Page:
For an updated analysis of Forrester's 2009 Sourcing Wave see this Spend Matters post.
Tonight, I had a fun-packed evening leafing through Forrester’s new report: The Forrester Sourcing Wave: eSourcing Suites, Q4 2005. I don't want to give away the results of the analysis as Forrester has paying clients, so I'll limit my observations and critique to how the firm approached the study. But before delving into the analysis, I was excited to find that Forrester plans future Waves that will examine "standalone spend analysis and contract management solutions, as well as full supplier relationship management or enterprise management suites." Finally, Forrester is making a concerted effort to invest in covering Spend Management!
But onto my analysis ... to begin, a number of summary perspectives are in order. First, I was pleasantly surprised at Forrester's depth in the report (something which I’m not used to seeing). The analyst who authored the report, Andrew Bartels, is a really solid IT analyst. But while I've always respected Bartels as an objective IT intellectual, I’ve never given him too much credibility as a Spend Management expert. With this report, however, he's beginning to prove himself as someone who understands the sector -- not at the same level as a Tim Minahan, but he's putting Forrester on the playing field.
I particularly liked Bartels' short history lesson on the sector inside the report. He does not get down to the level of detail that only a true insider who lived through the period would know. For example, how during the B2B heyday Ariba completely overpaid for Tradex, Trading Dynamics and the joke that passed for Supplier Market. But hey, it’s not a bad piece of history, and I appreciate Bartels' stage setting. And yes, if you’re wondering, my cynicism earlier in this paragraph comes from the fact that I knew a number of individuals from vendors Ariba acquired back-in-the-day that made out with millions -- in some cases tens of millions -- from products that didn’t exactly work from a GA perspective, while I was working 80+ hour weeks for a vendor that was actually delivering results, but whose market cap was crumbling by the day.
But back to the report: I disagree with Bartels' premise that Ariba and Emptoris are fighting for leadership with each other. In my view, both are pursuing different strategies, and the word on the street is that they do not overlap in deals as much as some would think. Also, I can claim from a practitioner perspective that the ASP vendors that Bartels pegs as less expensive options (which are not as well ranked as larger vendors) are sufficient for many users today from a pure sourcing perspective. In fact, I've heard about users who in some cases prefer vendors like Iasta and Procuri over larger providers thanks to their user interface and reasonable price points.
In addition, I question the depth on the product evaluation side that Forrester went into in their research. I heard from some vendors who participated in the study that Forrester only provided one hour for them to demo their complete suites (which is absolutely insufficient), but at least Bartels made the effort to dig below the atmospheric-level prognostications that David Metcalfe used to make.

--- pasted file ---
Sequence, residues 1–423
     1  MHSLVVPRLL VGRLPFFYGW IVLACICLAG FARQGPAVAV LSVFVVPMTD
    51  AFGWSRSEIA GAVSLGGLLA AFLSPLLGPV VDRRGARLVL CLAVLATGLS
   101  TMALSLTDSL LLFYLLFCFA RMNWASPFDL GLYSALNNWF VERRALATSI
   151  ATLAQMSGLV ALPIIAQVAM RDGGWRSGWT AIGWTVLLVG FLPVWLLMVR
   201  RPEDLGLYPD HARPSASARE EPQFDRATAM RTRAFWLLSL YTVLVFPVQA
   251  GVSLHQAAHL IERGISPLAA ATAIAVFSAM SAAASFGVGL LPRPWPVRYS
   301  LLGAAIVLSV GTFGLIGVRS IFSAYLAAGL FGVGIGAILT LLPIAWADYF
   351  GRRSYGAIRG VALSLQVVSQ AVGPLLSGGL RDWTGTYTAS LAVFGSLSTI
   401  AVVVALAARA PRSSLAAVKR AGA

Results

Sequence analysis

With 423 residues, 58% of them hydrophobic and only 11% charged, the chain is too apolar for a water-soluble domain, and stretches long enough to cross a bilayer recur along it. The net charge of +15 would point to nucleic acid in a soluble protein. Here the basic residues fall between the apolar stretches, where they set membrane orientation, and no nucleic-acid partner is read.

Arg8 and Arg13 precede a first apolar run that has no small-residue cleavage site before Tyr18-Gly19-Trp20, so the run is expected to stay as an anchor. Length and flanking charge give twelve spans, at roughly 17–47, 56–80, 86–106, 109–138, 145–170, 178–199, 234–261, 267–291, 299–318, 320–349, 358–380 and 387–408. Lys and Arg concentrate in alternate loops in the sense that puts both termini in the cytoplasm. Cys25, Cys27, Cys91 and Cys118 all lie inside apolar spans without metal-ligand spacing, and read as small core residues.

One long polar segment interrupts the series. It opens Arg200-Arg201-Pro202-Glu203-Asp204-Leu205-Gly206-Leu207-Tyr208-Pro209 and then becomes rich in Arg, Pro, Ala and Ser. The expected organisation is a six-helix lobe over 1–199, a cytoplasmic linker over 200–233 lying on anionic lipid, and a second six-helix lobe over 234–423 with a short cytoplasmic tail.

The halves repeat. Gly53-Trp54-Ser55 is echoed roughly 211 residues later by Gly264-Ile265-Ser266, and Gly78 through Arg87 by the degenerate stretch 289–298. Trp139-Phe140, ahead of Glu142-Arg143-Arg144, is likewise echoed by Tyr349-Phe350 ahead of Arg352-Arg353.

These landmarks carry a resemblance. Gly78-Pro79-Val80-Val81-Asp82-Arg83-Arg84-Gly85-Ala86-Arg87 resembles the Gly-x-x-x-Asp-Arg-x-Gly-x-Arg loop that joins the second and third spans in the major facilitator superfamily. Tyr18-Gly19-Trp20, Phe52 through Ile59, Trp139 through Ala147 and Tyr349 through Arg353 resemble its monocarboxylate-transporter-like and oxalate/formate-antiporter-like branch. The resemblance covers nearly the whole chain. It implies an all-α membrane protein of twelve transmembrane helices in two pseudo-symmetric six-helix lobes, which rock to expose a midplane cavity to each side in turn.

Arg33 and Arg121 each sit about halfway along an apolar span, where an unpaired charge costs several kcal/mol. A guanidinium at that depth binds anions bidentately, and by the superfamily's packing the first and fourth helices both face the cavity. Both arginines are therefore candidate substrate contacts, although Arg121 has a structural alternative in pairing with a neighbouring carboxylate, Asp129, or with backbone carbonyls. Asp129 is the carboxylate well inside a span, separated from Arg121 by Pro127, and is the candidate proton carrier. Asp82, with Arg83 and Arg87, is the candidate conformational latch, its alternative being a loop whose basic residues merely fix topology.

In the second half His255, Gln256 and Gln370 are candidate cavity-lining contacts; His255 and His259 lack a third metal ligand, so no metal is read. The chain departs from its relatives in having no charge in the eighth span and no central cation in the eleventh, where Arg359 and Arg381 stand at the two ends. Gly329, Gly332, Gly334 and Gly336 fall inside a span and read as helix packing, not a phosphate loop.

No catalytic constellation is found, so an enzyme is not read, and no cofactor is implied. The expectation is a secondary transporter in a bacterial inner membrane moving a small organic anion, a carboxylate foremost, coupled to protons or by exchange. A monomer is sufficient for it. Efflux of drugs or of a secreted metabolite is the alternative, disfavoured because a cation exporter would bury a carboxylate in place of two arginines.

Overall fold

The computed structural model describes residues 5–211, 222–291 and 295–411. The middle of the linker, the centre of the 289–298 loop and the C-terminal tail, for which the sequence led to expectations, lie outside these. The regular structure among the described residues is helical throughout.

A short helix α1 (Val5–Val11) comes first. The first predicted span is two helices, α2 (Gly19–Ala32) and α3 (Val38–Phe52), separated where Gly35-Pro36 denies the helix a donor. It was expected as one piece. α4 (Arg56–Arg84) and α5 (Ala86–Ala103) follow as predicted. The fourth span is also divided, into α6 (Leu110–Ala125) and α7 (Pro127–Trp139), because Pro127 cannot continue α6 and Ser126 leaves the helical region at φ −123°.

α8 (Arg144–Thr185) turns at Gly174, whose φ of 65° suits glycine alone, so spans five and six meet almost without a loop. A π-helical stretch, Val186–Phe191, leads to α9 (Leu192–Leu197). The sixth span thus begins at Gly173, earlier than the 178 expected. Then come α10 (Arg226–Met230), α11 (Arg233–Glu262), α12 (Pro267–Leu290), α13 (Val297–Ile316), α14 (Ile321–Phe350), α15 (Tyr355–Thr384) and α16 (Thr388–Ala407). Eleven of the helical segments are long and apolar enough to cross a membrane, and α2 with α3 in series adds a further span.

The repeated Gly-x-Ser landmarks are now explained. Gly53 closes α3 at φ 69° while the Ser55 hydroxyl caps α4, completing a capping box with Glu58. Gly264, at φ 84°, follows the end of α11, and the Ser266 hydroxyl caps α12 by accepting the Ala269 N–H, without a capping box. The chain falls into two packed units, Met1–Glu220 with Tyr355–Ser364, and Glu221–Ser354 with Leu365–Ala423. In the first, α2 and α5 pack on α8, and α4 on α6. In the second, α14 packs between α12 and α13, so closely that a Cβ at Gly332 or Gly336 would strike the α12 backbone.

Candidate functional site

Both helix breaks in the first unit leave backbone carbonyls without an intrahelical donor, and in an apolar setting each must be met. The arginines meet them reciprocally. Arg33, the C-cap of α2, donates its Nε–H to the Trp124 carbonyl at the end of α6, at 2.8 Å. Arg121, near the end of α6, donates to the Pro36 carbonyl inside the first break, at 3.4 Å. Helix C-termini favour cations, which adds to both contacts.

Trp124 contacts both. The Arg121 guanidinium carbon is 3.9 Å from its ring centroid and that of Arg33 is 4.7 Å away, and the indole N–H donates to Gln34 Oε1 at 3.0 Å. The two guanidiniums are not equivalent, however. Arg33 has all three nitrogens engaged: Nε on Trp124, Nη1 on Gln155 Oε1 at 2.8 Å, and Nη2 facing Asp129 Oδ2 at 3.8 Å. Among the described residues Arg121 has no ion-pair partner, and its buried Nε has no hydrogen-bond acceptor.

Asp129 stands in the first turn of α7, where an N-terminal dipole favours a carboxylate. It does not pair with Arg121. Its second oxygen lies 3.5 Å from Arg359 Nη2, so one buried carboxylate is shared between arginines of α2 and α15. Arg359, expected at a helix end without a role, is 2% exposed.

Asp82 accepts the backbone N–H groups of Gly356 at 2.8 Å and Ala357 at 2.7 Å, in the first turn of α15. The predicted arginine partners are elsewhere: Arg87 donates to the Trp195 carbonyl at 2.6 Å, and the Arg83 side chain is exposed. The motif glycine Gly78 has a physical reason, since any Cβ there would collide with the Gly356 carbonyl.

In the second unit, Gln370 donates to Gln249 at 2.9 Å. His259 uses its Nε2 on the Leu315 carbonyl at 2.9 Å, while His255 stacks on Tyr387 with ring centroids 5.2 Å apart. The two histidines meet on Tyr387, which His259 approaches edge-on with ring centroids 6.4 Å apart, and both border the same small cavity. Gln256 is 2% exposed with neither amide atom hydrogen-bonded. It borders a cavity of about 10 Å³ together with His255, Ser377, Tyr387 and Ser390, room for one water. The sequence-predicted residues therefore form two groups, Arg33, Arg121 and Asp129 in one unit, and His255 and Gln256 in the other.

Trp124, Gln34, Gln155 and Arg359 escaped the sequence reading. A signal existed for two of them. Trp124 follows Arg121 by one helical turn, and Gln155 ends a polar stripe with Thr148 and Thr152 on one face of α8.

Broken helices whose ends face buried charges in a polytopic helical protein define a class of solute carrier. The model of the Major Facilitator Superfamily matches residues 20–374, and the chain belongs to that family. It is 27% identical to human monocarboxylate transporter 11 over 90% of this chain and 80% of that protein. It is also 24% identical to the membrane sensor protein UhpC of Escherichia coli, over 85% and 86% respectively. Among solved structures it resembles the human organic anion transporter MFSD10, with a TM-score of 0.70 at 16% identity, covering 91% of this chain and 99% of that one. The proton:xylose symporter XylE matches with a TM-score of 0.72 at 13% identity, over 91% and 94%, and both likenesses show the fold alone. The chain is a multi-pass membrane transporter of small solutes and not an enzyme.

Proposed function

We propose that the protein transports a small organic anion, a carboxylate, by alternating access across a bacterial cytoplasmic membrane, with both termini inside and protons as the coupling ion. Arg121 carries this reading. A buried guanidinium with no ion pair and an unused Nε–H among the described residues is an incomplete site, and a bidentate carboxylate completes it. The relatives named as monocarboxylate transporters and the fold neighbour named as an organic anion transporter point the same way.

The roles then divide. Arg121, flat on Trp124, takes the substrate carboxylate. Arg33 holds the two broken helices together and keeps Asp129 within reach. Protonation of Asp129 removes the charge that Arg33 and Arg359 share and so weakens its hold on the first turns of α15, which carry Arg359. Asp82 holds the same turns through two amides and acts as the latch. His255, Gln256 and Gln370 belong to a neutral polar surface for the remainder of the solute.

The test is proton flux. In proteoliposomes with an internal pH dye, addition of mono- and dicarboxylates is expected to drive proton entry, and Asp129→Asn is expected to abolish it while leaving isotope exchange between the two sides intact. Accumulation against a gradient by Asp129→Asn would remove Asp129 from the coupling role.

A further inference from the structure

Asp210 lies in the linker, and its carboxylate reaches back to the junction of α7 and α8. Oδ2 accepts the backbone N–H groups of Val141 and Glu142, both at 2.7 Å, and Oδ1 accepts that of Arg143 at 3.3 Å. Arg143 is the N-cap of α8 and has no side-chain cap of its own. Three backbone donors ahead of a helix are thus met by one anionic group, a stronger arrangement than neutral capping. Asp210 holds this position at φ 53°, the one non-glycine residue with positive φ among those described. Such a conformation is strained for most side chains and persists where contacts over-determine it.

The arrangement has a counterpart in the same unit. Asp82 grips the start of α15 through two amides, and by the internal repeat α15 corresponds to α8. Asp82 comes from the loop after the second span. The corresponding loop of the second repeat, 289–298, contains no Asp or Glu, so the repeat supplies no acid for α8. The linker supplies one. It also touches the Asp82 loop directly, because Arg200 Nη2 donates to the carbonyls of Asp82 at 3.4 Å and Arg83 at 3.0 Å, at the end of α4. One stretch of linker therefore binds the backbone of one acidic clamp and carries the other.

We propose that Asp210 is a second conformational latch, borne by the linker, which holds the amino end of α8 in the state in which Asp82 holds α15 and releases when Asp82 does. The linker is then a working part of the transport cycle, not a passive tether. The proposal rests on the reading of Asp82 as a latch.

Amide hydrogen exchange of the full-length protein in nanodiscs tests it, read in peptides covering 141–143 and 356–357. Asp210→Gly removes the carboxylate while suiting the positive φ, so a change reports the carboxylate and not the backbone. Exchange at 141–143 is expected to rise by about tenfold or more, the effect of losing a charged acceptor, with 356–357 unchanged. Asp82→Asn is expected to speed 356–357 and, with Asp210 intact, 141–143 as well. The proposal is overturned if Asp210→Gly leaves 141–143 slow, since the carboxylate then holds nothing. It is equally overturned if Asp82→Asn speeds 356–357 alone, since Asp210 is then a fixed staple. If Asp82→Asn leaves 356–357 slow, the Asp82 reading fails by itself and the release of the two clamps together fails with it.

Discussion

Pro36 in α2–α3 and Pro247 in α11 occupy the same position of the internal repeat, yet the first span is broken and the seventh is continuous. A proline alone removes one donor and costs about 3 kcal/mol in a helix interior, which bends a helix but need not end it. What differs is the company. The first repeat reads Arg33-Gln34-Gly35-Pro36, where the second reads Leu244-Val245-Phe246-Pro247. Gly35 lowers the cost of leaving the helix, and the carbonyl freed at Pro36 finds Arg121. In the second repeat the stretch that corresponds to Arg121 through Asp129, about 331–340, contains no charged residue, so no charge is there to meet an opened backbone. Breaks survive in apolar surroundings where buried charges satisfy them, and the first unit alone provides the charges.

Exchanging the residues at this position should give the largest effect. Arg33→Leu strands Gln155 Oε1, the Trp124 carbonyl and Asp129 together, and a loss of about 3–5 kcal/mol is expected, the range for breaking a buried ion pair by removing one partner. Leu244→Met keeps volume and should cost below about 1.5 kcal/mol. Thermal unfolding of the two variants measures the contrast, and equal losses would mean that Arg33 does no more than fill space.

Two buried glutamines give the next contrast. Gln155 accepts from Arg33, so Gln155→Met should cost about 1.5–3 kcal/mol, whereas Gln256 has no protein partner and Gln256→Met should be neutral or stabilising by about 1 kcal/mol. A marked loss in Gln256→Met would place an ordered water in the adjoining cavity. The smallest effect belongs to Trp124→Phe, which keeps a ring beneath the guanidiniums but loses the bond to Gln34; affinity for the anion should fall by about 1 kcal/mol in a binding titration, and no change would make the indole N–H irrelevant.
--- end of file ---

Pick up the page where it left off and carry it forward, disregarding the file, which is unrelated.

As a final piece of commentary, Bartels claims that Forrester validated findings with reference calls to "some of each vendor’s current customers". But knowing what I know about the reliability of the recent products release from at least one vendor in the study, it's clear these reference calls were limited. Bartels did not dig deeply enough to discover the fresh skeletons that are lurking out in the market. Clearly, solution capabilities and vendor strategy do not matter at all if a sourcing suite crashes during key activities.
Enough of the criticism ... I'm too deep in the market for my own good. My points are all small nits. Overall, I'm extremely excited that Forrester took the time to go into this level of detail in their Wave. I also like the disclosure and more transparent nature of Forrester’s Wave relative to Gartner’s Magic Quadrants (which are absolutely useless, in my opinion, given the leap of faith that a reader must take in analyzing the rankings without a transparent ranking methodology). While I greatly respect Gartner, they lost credibility in my book as a firm by confusing the market with their last Magic Quadrant (which had the transparency of a stone wall).
In short, after reading this report, I would encourage all of you (users, vendors, and consultants) to take Forrester more seriously as an analyst voice in the Spend Management world. Even if you disagree with some of the rankings (which I do), at least Forrester made a solid, objective effort to investigate the market. I sincerely look forward to their future efforts and analysis in the sector. At this point, Forrester is a strong number three (passing Gartner in my book) behind Aberdeen and AMR in covering Spend Management.